So there I was, having finally found my favorite comics booth at the Baltimore Comic-Con, with my handwritten list of needed back issues. After ten months of reading books and deciding if I should hold onto them, the moment had finally arrived where I would be put to the test. Could I shop for back issues and still uphold my mandate? As I mentioned in my previous post, I set out to only fill holes in my collection. This meant that if it wasn’t on the list, I wasn’t buying it.
This is easier said than done. Like I have said often, and like I said to the guy standing in line behind me on our way in, you can plan all you want but then the excitement or anxiety will get a hold of you come showtime and you find yourself dropping money on things you didn’t realize you were willing to buy.
Not that I had regrettable purchases or anything like that. As I surveyed what I bought, I felt pretty good about it (with one exception that I’ll mention below). But enough preamble, let’s get to how I did. I’ll start with the …
New Stuff. This is stuff bought directly from creators or merchandise from booths. The latter was just three items, two pint glasses (Batman and Nightwing), and a Mr. Met Funko Pop figure that I didn’t pay very much for and is currently in my classroom (out of the box, btw, which would drive some Pop collectors mad, but let’s be honest, they’re the Beanie Babies of this decade). The stuff bought from creators included graphic novels from Thom Zahler (Warning Label, two issues of Love and Capes: The Family Way) and Steve Conley (The Middle Age), and the first trade of Rai from the Valiant booth. You’ll hear me talk about both of those in the upcoming episode of Pop Culture Affidavit that features my convention coverage. I also bought some great-looking prints from Todd Klein and Luke Daab, which you can see below.
I call this one a success, especially since they’re all really great looking prints that will look great in a frame. My only regret is that I didn’t explore more stuff offered by creators, because I would have walked away with more unique pieces.
Turning my attention to what we all go to shopping for at these conventions, there are the trades and back issues …
Trades. Out of all of the stuff, this contains my one regrettable purchase. I stumbled upon a $5 trades/5 for $20 sale and grabbed a lot of stuff that I didn’t need or hadn’t thought of getting. One trade–the third volume of the 1990s Deathstroke: The Terminator trades–was in there and that’s been on my Amazon wish list for a while, so that’s a check in the “plus” column. But the others were very much me picking out things that looked interesting or I’d always wanted to read. In other words, adding to the piles. This included the trade of Marvel’s 1990s crossover Infinity War, the late 1980s Secret Origins trade paperback, and a few of the collection of James Robinson’s Starman, all of which I needed … except one. You see, I had forgotten to add these to my official trade paperback want list, so when I got home and saw that I had bought a book I already owned, I was pretty annoyed at myself. Granted, it’s only $5.00 and I could sell the book on eBay (which I will do), so it won’t be a total loss, but when you live with the voice of everyone who ever pointed out something you did wrong or a mistake you made in your head at all times, you tend to dwell on screw-ups like that.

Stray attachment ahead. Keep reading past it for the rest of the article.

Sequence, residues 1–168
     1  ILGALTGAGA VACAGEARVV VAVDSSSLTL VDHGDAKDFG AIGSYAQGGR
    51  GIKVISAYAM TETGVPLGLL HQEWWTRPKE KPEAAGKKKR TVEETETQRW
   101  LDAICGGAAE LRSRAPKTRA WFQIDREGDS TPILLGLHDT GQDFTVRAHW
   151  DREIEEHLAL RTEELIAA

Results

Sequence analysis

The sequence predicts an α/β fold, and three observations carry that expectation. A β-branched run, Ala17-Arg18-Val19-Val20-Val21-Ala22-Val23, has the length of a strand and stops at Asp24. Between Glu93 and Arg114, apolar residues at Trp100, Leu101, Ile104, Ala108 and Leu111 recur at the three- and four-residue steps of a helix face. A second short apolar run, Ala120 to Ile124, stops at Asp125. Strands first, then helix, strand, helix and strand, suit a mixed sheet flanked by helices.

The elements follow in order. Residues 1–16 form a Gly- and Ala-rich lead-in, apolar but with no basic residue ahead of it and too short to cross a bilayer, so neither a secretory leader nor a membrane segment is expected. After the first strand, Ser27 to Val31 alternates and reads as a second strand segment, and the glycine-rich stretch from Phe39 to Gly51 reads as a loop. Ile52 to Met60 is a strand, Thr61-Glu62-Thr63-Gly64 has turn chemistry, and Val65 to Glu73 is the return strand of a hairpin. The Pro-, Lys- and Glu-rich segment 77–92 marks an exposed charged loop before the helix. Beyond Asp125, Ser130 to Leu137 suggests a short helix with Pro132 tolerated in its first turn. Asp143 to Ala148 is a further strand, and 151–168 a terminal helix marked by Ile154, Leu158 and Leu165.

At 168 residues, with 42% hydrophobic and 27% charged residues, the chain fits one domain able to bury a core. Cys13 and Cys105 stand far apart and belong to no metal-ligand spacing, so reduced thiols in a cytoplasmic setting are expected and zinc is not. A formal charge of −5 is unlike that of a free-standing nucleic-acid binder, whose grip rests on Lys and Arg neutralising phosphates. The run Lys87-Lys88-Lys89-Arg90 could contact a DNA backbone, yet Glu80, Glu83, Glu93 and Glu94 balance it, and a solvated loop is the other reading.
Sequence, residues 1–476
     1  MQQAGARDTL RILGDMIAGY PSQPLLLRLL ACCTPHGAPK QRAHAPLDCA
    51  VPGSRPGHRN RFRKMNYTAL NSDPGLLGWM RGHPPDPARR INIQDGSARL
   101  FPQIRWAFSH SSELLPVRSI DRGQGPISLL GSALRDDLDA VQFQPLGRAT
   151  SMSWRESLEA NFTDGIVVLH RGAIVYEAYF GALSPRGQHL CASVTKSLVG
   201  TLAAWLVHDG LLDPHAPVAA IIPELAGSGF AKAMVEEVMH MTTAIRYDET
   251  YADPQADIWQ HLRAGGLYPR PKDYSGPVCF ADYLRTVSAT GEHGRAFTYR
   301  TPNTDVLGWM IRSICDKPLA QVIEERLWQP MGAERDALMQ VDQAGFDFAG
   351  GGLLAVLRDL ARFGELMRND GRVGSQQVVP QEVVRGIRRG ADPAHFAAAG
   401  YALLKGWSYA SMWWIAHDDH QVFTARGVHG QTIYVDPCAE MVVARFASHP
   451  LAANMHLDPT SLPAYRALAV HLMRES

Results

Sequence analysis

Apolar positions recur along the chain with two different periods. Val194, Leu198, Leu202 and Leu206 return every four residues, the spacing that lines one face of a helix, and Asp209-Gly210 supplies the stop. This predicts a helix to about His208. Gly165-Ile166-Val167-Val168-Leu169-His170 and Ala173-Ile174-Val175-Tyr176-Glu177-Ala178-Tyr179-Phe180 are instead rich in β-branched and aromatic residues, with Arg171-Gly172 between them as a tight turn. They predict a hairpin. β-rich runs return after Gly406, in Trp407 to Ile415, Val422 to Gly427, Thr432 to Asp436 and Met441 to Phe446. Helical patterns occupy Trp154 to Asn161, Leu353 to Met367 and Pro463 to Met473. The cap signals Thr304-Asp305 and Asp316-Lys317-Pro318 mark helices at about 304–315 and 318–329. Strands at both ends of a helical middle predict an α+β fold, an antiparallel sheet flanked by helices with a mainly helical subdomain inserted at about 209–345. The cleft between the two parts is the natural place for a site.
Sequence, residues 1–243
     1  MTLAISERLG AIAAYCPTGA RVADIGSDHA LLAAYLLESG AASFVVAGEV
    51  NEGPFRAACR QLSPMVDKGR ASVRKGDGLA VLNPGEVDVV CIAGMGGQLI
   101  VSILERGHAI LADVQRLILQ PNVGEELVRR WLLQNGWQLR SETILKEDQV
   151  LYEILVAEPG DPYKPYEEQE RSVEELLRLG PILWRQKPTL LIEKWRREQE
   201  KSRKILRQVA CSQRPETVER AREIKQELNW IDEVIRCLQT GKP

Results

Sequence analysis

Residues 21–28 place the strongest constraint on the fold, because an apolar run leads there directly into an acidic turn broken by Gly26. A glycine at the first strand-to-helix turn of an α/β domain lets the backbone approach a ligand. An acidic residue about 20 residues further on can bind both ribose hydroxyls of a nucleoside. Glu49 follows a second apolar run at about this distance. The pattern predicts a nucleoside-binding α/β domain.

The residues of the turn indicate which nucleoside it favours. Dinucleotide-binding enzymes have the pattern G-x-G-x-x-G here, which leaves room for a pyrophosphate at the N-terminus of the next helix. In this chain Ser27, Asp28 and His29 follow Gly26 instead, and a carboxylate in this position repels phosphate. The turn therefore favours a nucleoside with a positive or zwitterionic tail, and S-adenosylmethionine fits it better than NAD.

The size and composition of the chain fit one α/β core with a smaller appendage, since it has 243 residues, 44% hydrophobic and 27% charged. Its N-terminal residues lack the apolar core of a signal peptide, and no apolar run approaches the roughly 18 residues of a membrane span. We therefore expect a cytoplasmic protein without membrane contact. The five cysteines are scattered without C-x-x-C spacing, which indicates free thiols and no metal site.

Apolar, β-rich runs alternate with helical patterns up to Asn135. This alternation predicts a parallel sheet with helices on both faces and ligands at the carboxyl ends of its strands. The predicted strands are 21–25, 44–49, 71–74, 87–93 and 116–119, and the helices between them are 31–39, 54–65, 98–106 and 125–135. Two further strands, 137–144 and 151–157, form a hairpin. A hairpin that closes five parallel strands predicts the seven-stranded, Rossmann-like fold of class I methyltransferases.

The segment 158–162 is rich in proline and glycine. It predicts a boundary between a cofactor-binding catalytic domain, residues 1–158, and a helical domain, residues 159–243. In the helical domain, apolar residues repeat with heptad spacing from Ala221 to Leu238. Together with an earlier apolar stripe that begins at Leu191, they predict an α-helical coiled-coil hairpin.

I want to give myself a D for this because between the conspicuous accumulation and the duplicating a book I already owned, it definitely wasn’t “uncollecting”, but I’m going to be generous and go higher because the books I bought were stories I am interested in reading and they will more than likely get read in the next couple of weeks.
Back Issues. I saved the big test for last. Could I avoid picking up random back issues and just stick to my list? With one small exception (the What If? issue “What If Phoenix Had Not Died?”), I did. While I didn’t complete my runs of Camelot 3000, Arak, or The Black Dragon, I got much-needed holes filled and was able to go through the bins a lot more quickly.
You know, it’s tough not to feel overwhelmed by everything when you go to a show like this, and it’s tough not to get caught up in the desire to own all of the things. One of my favorite parts of attending the Baltimore Comic-Con these past eight years has been the joy of finding stuff that you either didn’t know existed at all or that one thing you didn’t know you needed until now. And while I can definitely say that you can attend a convention without having to drop too much money if you go to panels and just get some books signed, but the point of this challenge was to go right at it and see what happened. The results were mixed, but I had a great time at the convention and I’m looking forward to next year.
You can check out the rest of my convention coverage over at Pop Culture Affidavit, where I have a blog post up and will be sharing my audio on episode 102 of the podcast.